The resignation of Dr. Aldona Wos as state health secretary could be the catalyst for breaking the logjam over state Medicaid reform, analysts said Wednesday.

Wos’ last day will be Aug. 17. Gov. Pat McCrory said she is being replaced by Richard Brajer, a private-sector health-care executive.

Medicaid reform arguably is the biggest sticking point between state Republican leaders and McCrory, who has said repeatedly that he thinks the program is broken. Some health-care advocates dispute that assessment.

Under Wos’ oversight, the N.C. Department of Health and Human Services has struggled with major inefficiency issues, particularly with the state’s $14 billion Medicaid program.

Medicaid covers about 1.9 million North Carolinians. It has had a nearly $2 billion financing gap since the start of the 2009-10 fiscal year, although DHHS has claimed a combined $194 million in cash on hand after the last two fiscal years.

“To the extent that Aldona Wos became the focal point for concerns and criticism of (DHHS), her resignation and the appointment of Brajer as new secretary represent a fresh start for the McCrory administration and its relationship with the General Assembly,” said Mitch Kokai, a policy analyst with the right-leaning John Locke Foundation.

McCrory has said repeatedly he is not ready to recommend that the state expand Medicaid coverage to about 500,000 more people, even after the latest U.S. Supreme Court decision upheld the constitutionality of the federal Affordable Care Act. McCrory stressed that Wos’ perspective would play a significant role in whatever decision he made.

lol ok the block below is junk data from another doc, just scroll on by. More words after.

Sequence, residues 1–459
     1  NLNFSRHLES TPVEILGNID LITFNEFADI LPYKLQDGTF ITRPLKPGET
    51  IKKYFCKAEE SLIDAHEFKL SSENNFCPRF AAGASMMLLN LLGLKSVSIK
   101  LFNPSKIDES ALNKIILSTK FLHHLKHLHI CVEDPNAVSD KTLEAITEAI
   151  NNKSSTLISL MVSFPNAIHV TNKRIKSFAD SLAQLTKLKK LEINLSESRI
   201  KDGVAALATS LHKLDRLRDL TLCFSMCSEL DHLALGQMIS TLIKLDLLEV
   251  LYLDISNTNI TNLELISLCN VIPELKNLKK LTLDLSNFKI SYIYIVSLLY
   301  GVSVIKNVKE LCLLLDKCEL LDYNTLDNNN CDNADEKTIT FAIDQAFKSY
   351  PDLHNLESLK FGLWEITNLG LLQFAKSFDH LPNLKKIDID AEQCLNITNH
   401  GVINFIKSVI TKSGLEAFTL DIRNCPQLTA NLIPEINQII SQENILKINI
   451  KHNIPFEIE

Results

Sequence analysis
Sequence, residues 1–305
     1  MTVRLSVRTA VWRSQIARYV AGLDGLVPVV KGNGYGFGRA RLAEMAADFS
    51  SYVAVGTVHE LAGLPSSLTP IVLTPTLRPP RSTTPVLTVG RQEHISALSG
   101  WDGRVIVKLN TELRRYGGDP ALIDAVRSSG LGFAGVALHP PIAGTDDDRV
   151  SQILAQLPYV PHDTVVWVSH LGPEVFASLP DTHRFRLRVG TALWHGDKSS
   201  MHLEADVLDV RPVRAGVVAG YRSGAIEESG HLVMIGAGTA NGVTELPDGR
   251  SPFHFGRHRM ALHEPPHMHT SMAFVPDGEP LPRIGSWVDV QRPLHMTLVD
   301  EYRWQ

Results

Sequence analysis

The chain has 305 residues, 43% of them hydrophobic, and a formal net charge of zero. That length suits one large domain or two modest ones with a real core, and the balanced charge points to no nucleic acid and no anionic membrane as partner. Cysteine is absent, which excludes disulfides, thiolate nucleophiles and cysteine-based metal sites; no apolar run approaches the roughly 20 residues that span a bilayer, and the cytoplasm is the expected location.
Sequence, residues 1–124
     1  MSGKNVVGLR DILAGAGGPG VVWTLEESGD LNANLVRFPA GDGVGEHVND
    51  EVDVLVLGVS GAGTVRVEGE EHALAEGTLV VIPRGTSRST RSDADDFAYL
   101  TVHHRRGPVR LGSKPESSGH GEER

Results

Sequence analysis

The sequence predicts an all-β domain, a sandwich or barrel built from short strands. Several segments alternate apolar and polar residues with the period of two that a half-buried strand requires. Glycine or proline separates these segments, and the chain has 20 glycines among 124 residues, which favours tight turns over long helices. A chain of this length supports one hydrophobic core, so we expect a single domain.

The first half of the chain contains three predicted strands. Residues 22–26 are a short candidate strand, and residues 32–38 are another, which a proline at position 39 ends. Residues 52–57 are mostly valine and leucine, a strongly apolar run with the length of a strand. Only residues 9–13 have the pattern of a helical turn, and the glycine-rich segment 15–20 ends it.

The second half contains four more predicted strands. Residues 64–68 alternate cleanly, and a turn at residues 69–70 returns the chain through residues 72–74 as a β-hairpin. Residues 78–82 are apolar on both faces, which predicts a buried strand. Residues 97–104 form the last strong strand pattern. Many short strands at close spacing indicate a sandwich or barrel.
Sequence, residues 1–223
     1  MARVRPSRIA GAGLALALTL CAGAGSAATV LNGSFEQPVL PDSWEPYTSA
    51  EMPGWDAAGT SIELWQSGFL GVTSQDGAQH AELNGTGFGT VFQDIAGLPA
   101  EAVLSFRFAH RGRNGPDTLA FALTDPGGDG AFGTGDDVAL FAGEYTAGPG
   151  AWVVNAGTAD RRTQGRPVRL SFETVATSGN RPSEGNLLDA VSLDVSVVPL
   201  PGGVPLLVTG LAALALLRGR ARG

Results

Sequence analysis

The House Medicaid reform legislation, preferred by McCrory and Wos, would attempt to “modernize and stabilize” the program through a “whole person” strategy of coordinating physical, behavioral, dental, pharmacy and long-term health services. That includes behavioral health managed care organizations, such as CenterPoint Human Services and Partners Behavioral Health Management, which serve the Triad and Northwest North Carolina.

Provider-led entities, such as health care systems, hospitals and physician groups, would take the risk of Medicaid enrollees’ use of services through a capitated — or fixed-fee per individual — payment format.

By comparison, the current system is based primarily on a fee-for-service format.

The Senate is committed to establishing the Health Benefits Authority, an oversight board nominally within DHHS, and allow for-profit providers to play a prominent services role.

Several key Senate Republican leaders, including President Pro Tem Phil Berger, R-Rockingham, have cited their frustration with DHHS’ inability to provide timely and reliable Medicaid data for state budget purposes. Authority supporters also claim Medicaid may have become too big for DHHS to handle efficiently.

“I suspect (Wos’ resignation) will make the Senate more willing to keep Medicaid in DHHS, which is probably a more efficient way to run the program,” said Adam Linker, a policy analyst with left-leaning N.C. Justice Center.

The House passed its Medicaid reform bill June 23. Since then, the bill had languished in a Senate Ways and Means committee, which rarely meets. However on Tuesday, Sen. Tom Apodaca, R-Henderson, and Senate rules chairman, said the House bill would be moved to the Senate Health Care Committee next week.

Berger said “there is still a great deal of work to do to get Medicaid on track and under control, but there is no question DHHS is in better shape now than it was before Secretary Wos’ tenure.”

Kokai said “it certainly appears as if there’s going to be a concerted effort to try to reach some agreement on Medicaid reform and other sticking points involving health and human services programs.”

Betty Taylor, the executive director of CenterPoint, said being state health secretary “is not for the faint of heart, especially during a period of national health care reform with competing models of care.”

“Observers will note criticisms and minimize the successes,” Taylor said. “Only in hindsight can improvements during her tenure in services and the system be validated.”

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rcraver@wsjournal.com (336) 727-7376 @rcraverWSJ

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